#include <stdio.h>

__global__
void kern(int * ar)
{
	int i = threadIdx.x;
	if (i < 11)
		ar[i] = ar[i] + 1;
}
";
            string compile_string = @"
nvcc --ptx --gpu-architecture=sm_20 -ccbin ""C:\Program Files(x86)\Microsoft Visual Studio 14.0\VC\bin"" y.cu";

            string kernel = @"
//
// Generated by NVIDIA NVVM Compiler
//
// Compiler Build ID: CL-21373419
// Cuda compilation tools, release 8.0, V8.0.55
// Based on LLVM 3.4svn
//

.version 5.0
.target sm_20
.address_size 64

	// .globl	_Z4kernPi

.visible .entry _Z4kernPi(
	.param .u64 _Z4kernPi_param_0
)
{
	.reg .pred 	%p<2>;
	.reg .b32 	%r<4>;
	.reg .b64 	%rd<5>;


	ld.param.u64 	%rd1, [_Z4kernPi_param_0];
	mov.u32 	%r1, %tid.x;
	setp.gt.s32	%p1, %r1, 10;
	@%p1 bra 	BB0_2;

	cvta.to.global.u64 	%rd2, %rd1;
	mul.wide.s32 	%rd3, %r1, 4;
	add.s64 	%rd4, %rd2, %rd3;
	ld.global.u32 	%r2, [%rd4];
	add.s32 	%r3, %r2, 1;
	st.global.u32 	[%rd4], %r3;

BB0_2:
	ret;
}
";
            IntPtr ptr = Marshal.StringToHGlobalAnsi(kernel);
            res = Cuda.cuModuleLoadData(out CUmodule cuModule, ptr);
            if (res != CUresult.CUDA_SUCCESS) throw new Exception();
            res = Cuda.cuModuleGetFunction(out CUfunction helloWorld, cuModule, "_Z4kernPi");
            if (res != CUresult.CUDA_SUCCESS) throw new Exception();
            int[] v = { 'G', 'd', 'k', 'k', 'n', (char)31, 'v', 'n', 'q', 'k', 'c' };
            GCHandle handle = GCHandle.Alloc(v, GCHandleType.Pinned);
            IntPtr pointer = IntPtr.Zero;
            pointer = handle.AddrOfPinnedObject();
            res = Cuda.cuMemAlloc_v2(out IntPtr dptr, 11*sizeof(int));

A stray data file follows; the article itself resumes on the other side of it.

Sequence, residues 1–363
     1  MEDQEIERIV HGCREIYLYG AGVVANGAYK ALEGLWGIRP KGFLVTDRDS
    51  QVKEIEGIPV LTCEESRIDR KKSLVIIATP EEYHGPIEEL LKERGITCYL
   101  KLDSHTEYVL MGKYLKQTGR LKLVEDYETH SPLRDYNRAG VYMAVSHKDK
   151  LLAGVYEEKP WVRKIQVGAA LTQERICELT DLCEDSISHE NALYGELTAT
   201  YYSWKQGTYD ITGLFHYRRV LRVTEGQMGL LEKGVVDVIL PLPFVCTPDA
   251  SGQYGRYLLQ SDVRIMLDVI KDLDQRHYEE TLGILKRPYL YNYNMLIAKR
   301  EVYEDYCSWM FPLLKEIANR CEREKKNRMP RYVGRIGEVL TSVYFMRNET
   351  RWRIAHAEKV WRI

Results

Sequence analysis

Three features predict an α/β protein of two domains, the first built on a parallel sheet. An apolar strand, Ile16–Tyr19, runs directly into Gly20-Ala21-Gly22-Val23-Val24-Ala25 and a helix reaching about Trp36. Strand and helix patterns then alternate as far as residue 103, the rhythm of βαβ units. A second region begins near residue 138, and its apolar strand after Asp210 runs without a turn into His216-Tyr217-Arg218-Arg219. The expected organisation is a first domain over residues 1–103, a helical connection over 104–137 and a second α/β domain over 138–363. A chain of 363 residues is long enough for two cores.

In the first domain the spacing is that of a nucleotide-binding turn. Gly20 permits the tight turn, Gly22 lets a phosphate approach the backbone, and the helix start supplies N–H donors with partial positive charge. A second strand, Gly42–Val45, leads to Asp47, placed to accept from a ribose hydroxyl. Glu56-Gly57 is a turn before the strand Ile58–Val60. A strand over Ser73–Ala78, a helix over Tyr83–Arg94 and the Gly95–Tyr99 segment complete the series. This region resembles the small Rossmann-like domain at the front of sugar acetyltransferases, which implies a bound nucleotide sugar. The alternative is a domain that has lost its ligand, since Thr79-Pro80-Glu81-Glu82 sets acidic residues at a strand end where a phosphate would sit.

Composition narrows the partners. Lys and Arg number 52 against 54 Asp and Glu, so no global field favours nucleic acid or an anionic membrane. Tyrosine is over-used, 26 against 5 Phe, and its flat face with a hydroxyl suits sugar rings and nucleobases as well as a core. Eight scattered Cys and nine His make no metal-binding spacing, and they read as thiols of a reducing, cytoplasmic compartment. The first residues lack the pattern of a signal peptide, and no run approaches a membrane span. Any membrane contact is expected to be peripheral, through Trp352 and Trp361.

if (res != CUresult.CUDA_SUCCESS) throw new Exception();
            res = Cuda.cuMemcpyHtoD_v2(dptr, pointer, 11*sizeof(int));
            if (res != CUresult.CUDA_SUCCESS) throw new Exception();

            IntPtr[] x = new IntPtr[] { dptr };
            GCHandle handle2 = GCHandle.Alloc(x, GCHandleType.Pinned);
            IntPtr pointer2 = IntPtr.Zero;
            pointer2 = handle2.AddrOfPinnedObject();

            IntPtr[] kp = new IntPtr[] { pointer2 };
            fixed (IntPtr* kernelParams = kp)
            {
                res = Cuda.cuLaunchKernel(helloWorld,
                    1, 1, 1, // grid has one block.
                    11, 1, 1, // block has 11 threads.
                    0, // no shared memory
                    default(CUstream),
                    (IntPtr)kernelParams,
                    (IntPtr)IntPtr.Zero
                );
            }
            if (res != CUresult.CUDA_SUCCESS) throw new Exception();
            res = Cuda.cuMemcpyDtoH_v2(pointer, dptr, 11*sizeof(int));
            if (res != CUresult.CUDA_SUCCESS) throw new Exception();
            Cuda.cuCtxDestroy_v2(cuContext);
        }
    }
}

Console example provided in the source code

Please see https://github.com/kaby76/swigged.cuda/tree/master/ConsoleApp1 for a stand-alone example that uses the Swigged.CUDA API from Nuget.

Alternative CUDA Driver APIs for C

ManagedCuda 8.0 https://www.nuget.org/packages/ManagedCuda-80/ http://kunzmi.github.io/managedCuda/

“ManagedCuda aims an easy integration of NVidia’s CUDA in .net applications written in C#, Visual Basic or any other .net language.” Although it is very good, it just isn’t compatible with Net Standard and Net Core apps and libraries.

CSCuda https://www.nuget.org/packages/CSCuda/ https://github.com/DNRY/CSCuda

I haven’t tried this, but it looks like a fine wrapper library, albeit it does not seem to expose the CUDA Driver API, rather the CUDA Runtime API, NPP, and CUBLAS.